Round up the real redlining culprits in Philadelphia’s ills | Editorial
The lawsuit lays out Wells Fargo’s abusive mortgage loan products, including giving non-white applicants higher and riskier loans than their white counterparts with the same creditworthiness,
When we fret over the struggles Philadelphia faces — high poverty, a challenged education system, vacant properties, lack of affordable housing, and the other ills of our city — we typically turn to the usual suspects for a cause. Those suspects include high tax rates, a workforce lacking the skills needed for the 21st century, gun violence, and other systemic problems. Very rarely do we acknowledge our corporate citizens for the part they can play in our lack of progress. But a recent $10 million settlement by Wells Fargo with the city is an instructive example and a signal that we should be paying more attention.
The suit, filed by the city against the financial institution, centered on discriminatory mortgage lending practices that targeted minority borrowers, including giving nonwhite applicants pricier and riskier loans than their white counterparts with the same creditworthiness, and more aggressively moving minority borrowers into foreclosure.
The practice of “redlining” — a term identified in the 1960s referring to the lines banks would draw on maps of areas deemed too risky for loans — has been illegal since 1977 when the Community Reinvestment Act was passed, but the practice remains pervasive. Just as damaging is “Reverse redlining,” exploitative loan products targeting minority communities. Such practices are lucrative and aren’t limited to a single bank. In Wells Fargo’s case, they most certainly contributed to the $22 billion in income the bank made in 2018 alone.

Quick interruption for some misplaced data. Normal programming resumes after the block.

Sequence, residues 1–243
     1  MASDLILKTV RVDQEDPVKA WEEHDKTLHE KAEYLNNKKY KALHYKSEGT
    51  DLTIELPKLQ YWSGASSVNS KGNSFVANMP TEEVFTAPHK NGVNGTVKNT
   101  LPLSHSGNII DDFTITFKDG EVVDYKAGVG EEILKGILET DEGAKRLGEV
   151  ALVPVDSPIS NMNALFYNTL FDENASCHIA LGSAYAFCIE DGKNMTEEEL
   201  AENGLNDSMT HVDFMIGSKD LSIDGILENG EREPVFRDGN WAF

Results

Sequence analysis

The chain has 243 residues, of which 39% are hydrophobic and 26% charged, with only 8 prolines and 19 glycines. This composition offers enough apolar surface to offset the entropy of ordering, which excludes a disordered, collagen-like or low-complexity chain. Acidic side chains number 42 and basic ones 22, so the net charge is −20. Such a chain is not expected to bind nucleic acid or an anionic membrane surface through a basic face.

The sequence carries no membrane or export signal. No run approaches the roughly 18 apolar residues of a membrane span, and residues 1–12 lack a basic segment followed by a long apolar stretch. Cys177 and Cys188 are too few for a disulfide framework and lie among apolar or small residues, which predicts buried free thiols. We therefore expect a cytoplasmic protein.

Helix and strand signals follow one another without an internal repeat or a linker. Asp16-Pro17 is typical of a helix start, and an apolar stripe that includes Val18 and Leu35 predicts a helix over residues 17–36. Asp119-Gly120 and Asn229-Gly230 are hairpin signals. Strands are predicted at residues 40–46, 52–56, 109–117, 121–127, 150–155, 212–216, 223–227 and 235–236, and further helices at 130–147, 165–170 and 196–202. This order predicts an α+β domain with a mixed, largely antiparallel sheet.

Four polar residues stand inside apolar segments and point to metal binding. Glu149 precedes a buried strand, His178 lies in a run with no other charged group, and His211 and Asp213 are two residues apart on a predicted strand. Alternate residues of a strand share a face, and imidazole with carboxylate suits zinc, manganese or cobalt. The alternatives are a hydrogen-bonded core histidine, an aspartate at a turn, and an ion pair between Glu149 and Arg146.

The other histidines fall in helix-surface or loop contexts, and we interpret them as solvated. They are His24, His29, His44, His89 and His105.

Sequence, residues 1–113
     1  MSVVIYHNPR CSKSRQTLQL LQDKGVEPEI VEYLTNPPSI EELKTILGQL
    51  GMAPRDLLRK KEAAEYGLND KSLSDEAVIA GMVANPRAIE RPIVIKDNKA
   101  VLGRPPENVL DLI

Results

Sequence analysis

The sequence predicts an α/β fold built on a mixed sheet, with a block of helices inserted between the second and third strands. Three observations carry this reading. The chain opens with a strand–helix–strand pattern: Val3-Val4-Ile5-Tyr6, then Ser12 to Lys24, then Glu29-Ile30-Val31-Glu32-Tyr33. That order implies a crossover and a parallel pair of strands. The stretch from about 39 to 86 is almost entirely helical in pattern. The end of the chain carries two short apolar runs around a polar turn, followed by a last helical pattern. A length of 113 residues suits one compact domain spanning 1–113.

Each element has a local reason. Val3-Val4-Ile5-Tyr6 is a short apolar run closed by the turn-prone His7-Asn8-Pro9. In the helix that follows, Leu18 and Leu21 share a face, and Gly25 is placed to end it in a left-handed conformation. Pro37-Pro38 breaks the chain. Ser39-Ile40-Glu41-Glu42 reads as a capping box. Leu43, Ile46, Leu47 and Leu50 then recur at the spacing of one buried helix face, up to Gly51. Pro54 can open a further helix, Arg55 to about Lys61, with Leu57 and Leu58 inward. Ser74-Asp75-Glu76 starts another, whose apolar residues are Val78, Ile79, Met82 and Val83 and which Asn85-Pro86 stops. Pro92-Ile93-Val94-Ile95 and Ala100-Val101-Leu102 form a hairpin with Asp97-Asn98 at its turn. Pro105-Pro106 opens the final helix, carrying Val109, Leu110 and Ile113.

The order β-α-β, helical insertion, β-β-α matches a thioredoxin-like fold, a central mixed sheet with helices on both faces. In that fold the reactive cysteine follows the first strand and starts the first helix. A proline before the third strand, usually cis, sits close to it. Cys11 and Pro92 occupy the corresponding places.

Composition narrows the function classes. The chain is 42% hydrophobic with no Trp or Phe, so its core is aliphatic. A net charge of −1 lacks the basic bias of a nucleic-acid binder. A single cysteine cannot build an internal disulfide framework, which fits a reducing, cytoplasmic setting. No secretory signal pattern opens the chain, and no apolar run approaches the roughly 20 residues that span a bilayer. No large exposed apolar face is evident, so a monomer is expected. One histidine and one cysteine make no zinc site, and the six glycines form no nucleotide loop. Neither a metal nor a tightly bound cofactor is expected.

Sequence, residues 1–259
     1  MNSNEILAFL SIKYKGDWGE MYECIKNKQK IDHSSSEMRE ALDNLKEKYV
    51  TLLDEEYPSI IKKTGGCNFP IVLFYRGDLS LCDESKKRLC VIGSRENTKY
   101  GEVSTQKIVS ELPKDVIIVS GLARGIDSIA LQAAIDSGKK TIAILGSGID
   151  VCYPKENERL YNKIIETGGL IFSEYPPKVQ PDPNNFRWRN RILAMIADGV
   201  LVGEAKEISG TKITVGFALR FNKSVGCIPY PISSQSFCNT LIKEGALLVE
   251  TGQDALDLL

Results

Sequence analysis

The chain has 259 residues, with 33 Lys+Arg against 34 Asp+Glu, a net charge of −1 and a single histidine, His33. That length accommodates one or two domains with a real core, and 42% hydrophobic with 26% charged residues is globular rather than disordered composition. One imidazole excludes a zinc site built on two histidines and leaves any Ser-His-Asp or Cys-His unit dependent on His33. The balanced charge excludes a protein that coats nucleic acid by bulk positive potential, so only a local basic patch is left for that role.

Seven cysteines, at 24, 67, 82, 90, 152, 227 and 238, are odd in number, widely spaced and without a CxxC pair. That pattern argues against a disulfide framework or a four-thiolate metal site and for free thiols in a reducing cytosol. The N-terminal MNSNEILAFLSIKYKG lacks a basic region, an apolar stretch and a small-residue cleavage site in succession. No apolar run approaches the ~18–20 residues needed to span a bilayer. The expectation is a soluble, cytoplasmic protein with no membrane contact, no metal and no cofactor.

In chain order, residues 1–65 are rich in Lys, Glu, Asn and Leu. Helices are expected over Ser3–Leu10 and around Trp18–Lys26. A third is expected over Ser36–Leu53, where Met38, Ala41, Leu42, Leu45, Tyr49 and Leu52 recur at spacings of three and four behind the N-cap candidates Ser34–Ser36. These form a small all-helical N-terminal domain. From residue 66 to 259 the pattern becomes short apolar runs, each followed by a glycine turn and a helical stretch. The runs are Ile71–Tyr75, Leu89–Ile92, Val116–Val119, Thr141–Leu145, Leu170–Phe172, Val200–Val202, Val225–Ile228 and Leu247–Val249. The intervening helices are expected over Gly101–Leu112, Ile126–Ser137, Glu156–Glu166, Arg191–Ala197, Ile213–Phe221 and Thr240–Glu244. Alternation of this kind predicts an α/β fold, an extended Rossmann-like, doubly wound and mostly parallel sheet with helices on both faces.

The city’s lawsuit points out that due to predatory banking practice, high-risk loans in minority neighborhoods are almost five times more likely to result in foreclosure than in white neighborhoods.
Philadelphia has been an epicenter of foreclosures. It sees over 4,000 filings a year, down from a high of 8,330 in 2009 following the housing market crisis. The city has an aggressive and innovative diversion program that helps homeowners save their homes, but the problem remains serious.
Part of the settlement will help fund a program that helps people with mortgage down payments. The lawsuit centers on the damage done to the city by the bank’s practices. (Wells Fargo has not admitted liability in this settlement or others like it, including a $175 million settlement with the U.S. Justice Department for discriminatory and predatory practices.)
The damage wrought to the city by lost homes is severe, and includes blight, lowered property values, lost wealth, and heavier burdens on city services. Foreclosures are also traumatic to individuals, families and communities, and certainly part of a vicious cycle of trauma that contributes and exacerbates crime, gun violence, and other ills.
The stability of neighborhoods and of property values impacts us all. And typically, these discriminatory practices are allowed to thrive in the dark. The federal government’s role in banking regulation and oversight to protect the consumer is a practice of the past. Now, it’s up to other arms of government, like City Hall or the Attorney General’s office, which has fought against redlining, to step up. For the rest of us, it’s time to stop scratching our heads and wondering how to fix our ills and be more clear eyed about who may be causing them.